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Tuesday, 22 October 2013
BLACK SOCIAL HISTORY : AFRO - BRAZILIAN " RONALDO LUIS NAZARIO de LIMA " ONE OF FOOTBALL ALL TIME GREAT WHO PLAYED FOR BRAZIL AND FOR TOP EUROPEAN SOCCER TEAMS : GOES INTO THE " HALL OF BLACK GENIUS "
Born on September 18, 1976, in Itaguaí, Brazil, Ronaldo established himself as an unstoppable scorer for European soccer teams in the mid-1990s. He bounced back from a disappointing finish to the 1998 World Cup and a series of knee injuries to lead Brazil to victory in the 2002 World Cup, and retired in 2011 as one of the game's all-time greats.
"You run, I don't. I score goals."
Ronaldo Luís Nazário de Lima was born on September 18, 1976, in Itaguaí, Brazil. His parents, Nélio Nazário de Lima and Sônia dos Santos Barata, separated when he was 11, and Ronaldo dropped out of school shortly afterward to pursue a soccer career.
Ronaldo joined the Social Ramos indoor soccer team at the age of 12 before moving on to São Cristóvão, where he was discovered by his future agents, Reinaldo Pitta and Alexandre Martins. The two arranged for the sale of their new client's contract to Cruzeiro, a professional club in the city of Belo Horizonte.
Professional Soccer Player
Ronaldo showcased his impressive goal-scoring ability for Cruzeiro, helping the club to its first Brazil Cup championship in 1993. The talented 17-year-old was named to the Brazilian national team for the 1994 World Cup in the United States, though he watched from the bench as his countrymen won the Cup.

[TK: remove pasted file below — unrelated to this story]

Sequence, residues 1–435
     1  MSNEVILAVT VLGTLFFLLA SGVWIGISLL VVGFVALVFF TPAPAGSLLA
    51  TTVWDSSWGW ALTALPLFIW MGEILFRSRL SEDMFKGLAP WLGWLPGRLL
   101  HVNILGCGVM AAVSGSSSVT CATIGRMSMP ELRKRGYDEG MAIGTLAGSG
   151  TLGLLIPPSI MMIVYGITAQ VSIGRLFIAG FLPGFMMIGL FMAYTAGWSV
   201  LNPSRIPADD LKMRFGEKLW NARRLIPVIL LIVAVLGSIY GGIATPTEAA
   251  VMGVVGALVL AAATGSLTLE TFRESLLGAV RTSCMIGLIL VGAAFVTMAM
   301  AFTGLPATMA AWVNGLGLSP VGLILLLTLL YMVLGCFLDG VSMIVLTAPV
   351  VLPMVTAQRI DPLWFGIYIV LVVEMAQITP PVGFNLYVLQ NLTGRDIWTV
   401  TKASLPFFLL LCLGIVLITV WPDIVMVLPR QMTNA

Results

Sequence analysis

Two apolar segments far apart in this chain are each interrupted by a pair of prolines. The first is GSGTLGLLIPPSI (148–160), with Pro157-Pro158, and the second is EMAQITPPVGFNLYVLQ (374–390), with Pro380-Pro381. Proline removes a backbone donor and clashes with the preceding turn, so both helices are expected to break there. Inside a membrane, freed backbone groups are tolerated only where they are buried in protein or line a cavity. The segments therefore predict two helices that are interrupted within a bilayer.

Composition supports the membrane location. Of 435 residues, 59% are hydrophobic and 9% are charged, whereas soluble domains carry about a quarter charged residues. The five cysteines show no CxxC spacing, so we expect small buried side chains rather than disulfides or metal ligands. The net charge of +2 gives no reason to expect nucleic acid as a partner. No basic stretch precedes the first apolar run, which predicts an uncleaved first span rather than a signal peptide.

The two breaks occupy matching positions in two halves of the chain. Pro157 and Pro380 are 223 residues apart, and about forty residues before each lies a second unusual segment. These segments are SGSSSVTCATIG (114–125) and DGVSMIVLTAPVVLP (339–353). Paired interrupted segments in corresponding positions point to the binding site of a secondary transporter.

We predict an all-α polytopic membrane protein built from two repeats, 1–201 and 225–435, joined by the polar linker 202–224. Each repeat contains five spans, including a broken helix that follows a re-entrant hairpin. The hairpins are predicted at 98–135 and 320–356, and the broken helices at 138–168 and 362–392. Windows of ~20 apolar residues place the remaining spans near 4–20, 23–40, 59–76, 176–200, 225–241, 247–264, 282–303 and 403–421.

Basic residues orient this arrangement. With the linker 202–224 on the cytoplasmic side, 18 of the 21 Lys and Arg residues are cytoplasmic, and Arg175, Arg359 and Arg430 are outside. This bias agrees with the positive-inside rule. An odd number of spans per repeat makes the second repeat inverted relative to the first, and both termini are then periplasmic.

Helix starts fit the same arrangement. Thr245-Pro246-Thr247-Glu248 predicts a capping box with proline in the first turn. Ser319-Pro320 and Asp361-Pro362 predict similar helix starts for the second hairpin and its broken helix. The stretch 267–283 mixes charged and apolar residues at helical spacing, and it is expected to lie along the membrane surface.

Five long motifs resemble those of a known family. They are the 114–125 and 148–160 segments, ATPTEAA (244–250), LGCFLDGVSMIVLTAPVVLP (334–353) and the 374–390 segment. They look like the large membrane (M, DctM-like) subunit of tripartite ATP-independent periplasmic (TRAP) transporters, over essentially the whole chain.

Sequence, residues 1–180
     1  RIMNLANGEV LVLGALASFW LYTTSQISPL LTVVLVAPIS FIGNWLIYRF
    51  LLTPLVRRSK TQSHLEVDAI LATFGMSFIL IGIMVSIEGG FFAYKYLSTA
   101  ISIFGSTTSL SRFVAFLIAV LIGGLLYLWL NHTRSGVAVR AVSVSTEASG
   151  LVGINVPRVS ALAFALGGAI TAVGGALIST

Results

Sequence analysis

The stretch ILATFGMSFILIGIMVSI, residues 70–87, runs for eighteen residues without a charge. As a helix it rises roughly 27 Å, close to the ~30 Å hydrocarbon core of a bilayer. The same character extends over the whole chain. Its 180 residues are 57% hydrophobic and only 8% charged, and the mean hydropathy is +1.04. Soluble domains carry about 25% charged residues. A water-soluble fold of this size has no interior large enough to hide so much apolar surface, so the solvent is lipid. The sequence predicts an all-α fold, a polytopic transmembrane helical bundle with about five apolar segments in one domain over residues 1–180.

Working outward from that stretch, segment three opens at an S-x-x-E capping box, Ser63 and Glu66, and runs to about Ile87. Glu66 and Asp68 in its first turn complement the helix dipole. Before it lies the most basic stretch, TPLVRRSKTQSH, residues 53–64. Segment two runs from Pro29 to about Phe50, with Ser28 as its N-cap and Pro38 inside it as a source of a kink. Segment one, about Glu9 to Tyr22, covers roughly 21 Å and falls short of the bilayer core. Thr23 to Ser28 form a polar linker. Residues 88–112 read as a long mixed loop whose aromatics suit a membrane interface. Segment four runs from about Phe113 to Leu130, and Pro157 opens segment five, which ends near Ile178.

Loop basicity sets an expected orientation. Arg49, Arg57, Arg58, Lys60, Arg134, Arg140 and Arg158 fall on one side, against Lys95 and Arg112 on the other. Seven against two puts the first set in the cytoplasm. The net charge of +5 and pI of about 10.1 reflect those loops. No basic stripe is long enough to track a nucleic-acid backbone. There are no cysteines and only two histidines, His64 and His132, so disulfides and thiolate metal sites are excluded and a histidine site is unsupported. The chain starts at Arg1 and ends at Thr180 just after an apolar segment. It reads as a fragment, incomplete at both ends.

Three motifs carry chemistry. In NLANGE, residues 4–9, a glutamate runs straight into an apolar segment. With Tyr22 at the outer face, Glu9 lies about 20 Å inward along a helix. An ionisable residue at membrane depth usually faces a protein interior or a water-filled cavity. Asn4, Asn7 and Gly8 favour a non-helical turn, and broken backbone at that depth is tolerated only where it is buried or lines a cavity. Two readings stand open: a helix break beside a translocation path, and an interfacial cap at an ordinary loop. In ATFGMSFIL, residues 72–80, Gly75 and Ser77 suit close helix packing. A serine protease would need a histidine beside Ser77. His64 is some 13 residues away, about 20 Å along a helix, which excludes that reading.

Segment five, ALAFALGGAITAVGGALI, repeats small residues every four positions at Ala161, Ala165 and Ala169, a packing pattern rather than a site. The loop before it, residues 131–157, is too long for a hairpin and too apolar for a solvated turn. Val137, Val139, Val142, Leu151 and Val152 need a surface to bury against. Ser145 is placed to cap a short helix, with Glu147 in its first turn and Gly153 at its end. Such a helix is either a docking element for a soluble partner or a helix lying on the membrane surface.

Ronaldo hit the ground running when his contract was sold to PSV Eindhoven in the Netherlands in 1994, averaging nearly a goal per game against top-notch European competition. Two years with PSV Eindhoven were followed by one with FC Barcelona and then a move to Inter Milan, a four-year period in which Ronaldo twice won FIFA World Player of the Year and carried his teams to victory in the Dutch and Spanish Super Cups.
During his peak, Ronaldo possessed an unstoppable combination of speed and power, equally capable of plowing through defenders as he was of nimbly sidestepping their attacks and accelerating away. Adding to his aura was an aversion to practicing and training hard, an attitude that did little to stem his dominance.
Big things were expected from Ronaldo and Brazil in the 1998 World Cup in France, but while he was named the Golden Ball winner as the Cup's best player, the tournament ended on a sour note when Ronaldo suffered a convulsive fit before the final and was ineffective in a 3-0 loss to the host country. Bigger setbacks followed when Ronaldo ruptured a knee tendon in November 1999 and reinjured the knee five months later, knocking him out of action for almost two years.
Ronaldo made a triumphant return in time for the 2002 World Cup in South Korea and Japan, netting eight goals to win the Golden Boot Award as the Cup's top scorer while leading Brazil its fifth world championship. Ronaldo transferred to Real Madrid that fall, winning the FIFA World Player of the Year Award a third time before leading his new club to La Liga and Spanish Super Cup championships in 2003.
Ronaldo appeared in one final World Cup for Brazil in 2006. Although Brazil was bounced in the quarterfinals by France, Ronaldo scored three times to set a record with 15 career goals in World Cup play.